Police body cameras are being worn by many Police Officers and Detectives throughout the country. There has been a lot of debate between Police Unions and City/County leaders. Officers find them invasive, and make it difficult to do their jobs, while Chiefs and Government officials believe cameras reduce complaints and provides transparency.
THE BENEFITS OF BODY CAMERAS
USE OF FORCE/COMPLAINTS Cameras improve how Cops conduct themselves while making arrests and dealing with citizens. According to a University of Cambridge study, there has been a drop in use of force by more than a 50 percent, and complaints are down as well. These numbers reduce the amount of lawsuits filed against Cities and Counties.
OFFICER ACCOUNTABILITY Police accountability is a main factor when purchasing body cameras. The public has been calling for more transparency and accountability. If an Officer is unlawful or violating Departmental policy, the video evidence will verify it and the Officer will then be held accountable. The camera can also capture a subject’s actions and exonerate on Officer from accusations.
EVIDENTIARY VALUE Cops are scrutinized more than any other profession. Supervisors, Peers, Prosecutors, Defense Attorneys, Judges and jurors and at times the media, analyze how you did your job. I always felt the more evidence to support your testimony the better. Having a recording of a subject’s actions, victim/witness statements, and items of evidence only helps. The video evidence can lead to quick plea agreements, so there’s less court time.
TRAINING The cameras can be a great training source. It’s very important for Officers to critique themselves, and camera recordings can provide a great opportunity to review and improve performance.
THE PROBLEMS WITH BODY CAMERAS
POLICE PERFORMANCE Use of Force and complaint numbers are reduced when an Officer is wearing a recording camera. That may be because there is less proactivity rather than better job performance. Cops know their every movement is recorded and may be scrutinized in fine detail. The more active a Cop is the greater opportunity to make a mistake, and the best way to avoid one may be to do less. Cameras can also have bad consequences by making a Cop hesitate in situations that call for split second decisions.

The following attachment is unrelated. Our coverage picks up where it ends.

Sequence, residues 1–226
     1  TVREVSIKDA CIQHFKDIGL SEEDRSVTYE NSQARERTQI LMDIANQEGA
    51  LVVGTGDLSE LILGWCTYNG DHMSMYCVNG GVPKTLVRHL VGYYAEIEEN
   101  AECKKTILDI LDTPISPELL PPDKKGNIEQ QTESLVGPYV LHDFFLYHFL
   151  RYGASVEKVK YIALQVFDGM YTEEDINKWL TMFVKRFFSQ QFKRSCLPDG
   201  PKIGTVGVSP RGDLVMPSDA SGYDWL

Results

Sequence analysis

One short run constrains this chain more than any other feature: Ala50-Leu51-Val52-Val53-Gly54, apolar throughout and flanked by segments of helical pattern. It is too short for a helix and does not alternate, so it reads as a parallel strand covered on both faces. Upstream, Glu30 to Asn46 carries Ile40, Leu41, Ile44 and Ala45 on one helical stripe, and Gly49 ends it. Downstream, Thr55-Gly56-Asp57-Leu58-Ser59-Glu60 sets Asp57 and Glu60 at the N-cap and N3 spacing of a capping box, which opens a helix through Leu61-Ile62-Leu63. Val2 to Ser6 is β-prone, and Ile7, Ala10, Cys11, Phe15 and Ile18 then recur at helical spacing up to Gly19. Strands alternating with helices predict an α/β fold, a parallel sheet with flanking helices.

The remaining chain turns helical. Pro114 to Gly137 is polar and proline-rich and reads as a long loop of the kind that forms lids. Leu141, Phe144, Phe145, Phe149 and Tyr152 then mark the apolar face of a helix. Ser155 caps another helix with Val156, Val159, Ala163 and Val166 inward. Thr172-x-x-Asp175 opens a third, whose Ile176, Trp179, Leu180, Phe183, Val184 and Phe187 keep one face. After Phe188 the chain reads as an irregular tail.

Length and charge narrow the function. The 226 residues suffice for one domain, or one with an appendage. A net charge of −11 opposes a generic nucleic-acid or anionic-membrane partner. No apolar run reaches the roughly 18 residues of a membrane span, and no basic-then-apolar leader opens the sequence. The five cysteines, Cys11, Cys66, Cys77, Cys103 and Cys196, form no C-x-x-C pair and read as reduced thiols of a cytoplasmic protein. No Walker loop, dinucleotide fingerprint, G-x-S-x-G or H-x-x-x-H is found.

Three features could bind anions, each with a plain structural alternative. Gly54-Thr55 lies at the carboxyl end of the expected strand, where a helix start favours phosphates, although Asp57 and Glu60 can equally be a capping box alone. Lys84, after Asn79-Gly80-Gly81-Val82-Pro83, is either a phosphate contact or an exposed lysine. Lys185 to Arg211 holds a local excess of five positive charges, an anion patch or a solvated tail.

OFFICER AND CITIZEN PRIVACY The debate over use of cameras includes Officer and Citizen right to privacy. What if an Officer’s private conversation is recorded, or a victim is recorded in an uncompromising position? Body cameras can also reveal confidential information when records are made public. Are all recordings reviewed and necessary information or images redacted?
INFORMATION GATHERING Recording a conversation with someone can be considered invasive. Victims and witnesses often do not want their statements to be recorded for fear of retaliation or exposure. Good luck trying to get information from an Informant while recording them. I have interviewed hundreds of subjects. It is very important to gain their trust, but doing so as they stare at a camera on your chest is very difficult.
TECHNOLOGY It is inevitable that cameras will break or technical problems will occur. The Officer may not be aware his camera wasn’t working until the recording is requested at a much later date. These problems can lead to speculation of a cover up or impact a criminal case. There will also be problems with the storage of many hours of recordings and cyber security.
COSTS It costs tens of thousands of dollars to implement body cameras. Purchasing cameras, storing recordings and equipment maintenance is very expensive. It requires fulltime manpower just to process requests for recordings. The storage and camera repair can be outsourced, but it’s not cheap.
No matter which side of the debate you are on, Police Body Cameras are here to stay. They reduce liability and the public wants them. Despite the body cameras, however, mistakes will still be made. You cannot expect perfection from an imperfect job.